Z37 m

Proposed Kw320 (fw)=0.044 Crater Lake Kd,0=0.050 Antarctic Lake (Vanda) Kw320 (fw)=0.092 S&B 1981 Sargassso Sea Mediterranean Sea Pacific, equatorial S. America lakes Red Sea

W. Greenland ocean Austrian Alps lakes Coastal Japan Southern Ocean, Antarctica Low elev. Lakes Arctic Ocean Coral reefs North Sea Gulf St. Lawrence Arctic lake Baltic Sea

Figure 3. Maximum 37% attenuation depths for 320 nm (depth where irradiance is attenuated to 37% of the value just beneath the surface, computed as 1/Kd320)- Values have been calculated for the lowest Kd's reported for each category from Table 1.

ent component scattering and is proportional to the concentration of scattering substances. These three IOPS's are expressed in units of m_1.

A property of the light field that relates AOPs with IOPs is the mean cosine (/I). It summarizes the angular distribution of photons according to equation (5). Direct measurement of (i combines downwelling irradiance (Ed, with cosine response to solar zenith angle, maximal to vertical light from above and no response to horizontal light or light from below), upwelling irradiance (£u), and scalar irradiance (E0, equal response to light from any direction):

Underwater ft varies with sky and water conditions, the angle of the sun from vertical (solar zenith angle), wavelength, and depth [17]. From equation (5) one can establish a theoretical value (assuming no scattering) of 1.0 for a collimated nz cz c c [

beam from above, —1.0 for a beam from below, and zero for a completely diffuse light field. Direct measurements of scalar irradiance have not been reported using commercial underwater UY instruments although Danish scientists have reported upwelling and downwelling scalar irradiance and corresponding values for fit and ¿uu [117]. Commercial underwater radiometers are available for determining spectral reflectance ratios for visible and UV wavelengths (Ed, Eu, and also upwelling radiance Lu). Stramska et al. [30] have proposed and tested a method to calculate p, as well as a and bh (the backscattered portion of b) from field measurements of Ed, Eu, and Lu in the wavelengths from 400-560 nm. This approach is promising for determining p. over UV wavelengths but it will require validation beyond the currently specified range of wavelengths.

The mean cosine relates "a" and Kd in natural waters when these optical properties describe a narrow waveband. An exact relationship valid for all depths in the absence of any "internal light source" [17,31] is

where R is irradiance reflectance (EJEd) and Ku is the diffuse attenuation coefficient for upwelling irradiance. Internal light sources include Raman scattering and fluorescence emitted from DOM or chlorophyll after absorbing light at shorter wavelengths. When Eu Ed, and thus when R becomes very small, equation (6) becomes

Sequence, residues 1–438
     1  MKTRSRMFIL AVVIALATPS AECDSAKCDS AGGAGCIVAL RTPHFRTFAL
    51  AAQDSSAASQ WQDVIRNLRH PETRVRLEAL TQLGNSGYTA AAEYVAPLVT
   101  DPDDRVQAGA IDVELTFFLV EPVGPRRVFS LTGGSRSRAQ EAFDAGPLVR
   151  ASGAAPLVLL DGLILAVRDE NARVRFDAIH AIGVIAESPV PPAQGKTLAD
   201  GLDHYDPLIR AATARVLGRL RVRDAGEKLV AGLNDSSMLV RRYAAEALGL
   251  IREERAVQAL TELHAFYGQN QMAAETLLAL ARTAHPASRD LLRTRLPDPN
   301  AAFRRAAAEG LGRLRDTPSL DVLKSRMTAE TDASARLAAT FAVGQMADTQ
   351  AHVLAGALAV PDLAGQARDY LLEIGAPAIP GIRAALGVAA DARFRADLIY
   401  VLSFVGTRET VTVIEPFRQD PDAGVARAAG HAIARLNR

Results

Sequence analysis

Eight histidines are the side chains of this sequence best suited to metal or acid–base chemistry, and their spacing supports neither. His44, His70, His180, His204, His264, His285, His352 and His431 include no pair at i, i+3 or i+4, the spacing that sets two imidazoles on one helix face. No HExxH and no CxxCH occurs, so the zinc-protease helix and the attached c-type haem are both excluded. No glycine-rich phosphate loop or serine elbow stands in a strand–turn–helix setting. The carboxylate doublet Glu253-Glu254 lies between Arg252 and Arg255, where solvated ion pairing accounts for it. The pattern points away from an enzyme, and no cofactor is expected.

where ji is less than 1 and thus Kd is greater than "a" to account for the longer mean path traveled by either diffuse or off-vertical sunlight for each vertical metre in the water column. The exact relationship in this form represents Gershun's Law [32]:

where KE is the attenuation coefficient for the net downward irradiance, Ed — Eu. From the modeling work of Gordon [17], the mean cosine for downwelling irradiance (/¡d) also relates Kdfi (measured just below the surface) to IOPs at that depth in a useful empirical equation:

In equation (9) ¿¡d,o is the fraction of downwelling scalar irradiance contributed by downwelling cosine irradiance (EJE0^), measured just below the surface, and bh is the backscattered fraction of b. This relationship was developed for Case 1 waters (described in Section 2) and should be tested for validity in non-Case 1 waters. Other empirical relationships for predicting Kd from IOPs are described in Kirk [6,10],

Underwater spectral UVR measurements have sometimes been summarized by integration over a broad waveband (e.g., for UV-B and UV-A bands in [33] and [34]). The response of a broadband attenuation measurement, whether calculated from a detailed spectrum or measured with a broadband sensor (e.g., PAR), is subject to errors when used to characterize the optical properties of the water. These errors occur in attempting to characterize a uniform section of the water column (where IOPs are constant) because the effective Kd and effective "central wavelength"' for the waveband will shift with depth and with the magnitude of attenuation [11,35]. In the UV-B waveband, for example, a simple spectral attenuation model can demonstrate that the wideband /Quvb calculated for a specific depth deviates from the surface KdUVb (full solar spectrum) by 12-19% over a range of Kd (Kd32o = 0.1-22 m_1) and depths {Z^-Z-^yX For XdUVR the effect is even greater; using published coastal ocean spectral data Booth and Morrow [11] calculated that XduvR would change 36% with depth (from 0.32 m_1 at the surface to 0.25 m-1 at 15 m depth, with an asymptote of 0.21 m-1 at much greater depth). Instruments with sensor bandwidth of <8 nm appear to perform well throughout the UV-A and UV-B ranges [36]. Spectral modeling has confirmed this: errors caused by spectral shift for the 8-10 nm bandwidth sensors of a widely-used UV radiometer (the PUV-500 from Biospherical Instruments, Inc.) are in the range of 1 % from the surface down to Z io% and less than 5% down to the limit of detection [35]. If data reduction from full spectral data is required, a better strategy than broadband integration is to present attenuation or irradiance values for several narrow wavebands within the UV-B and UV-A wavelengths.

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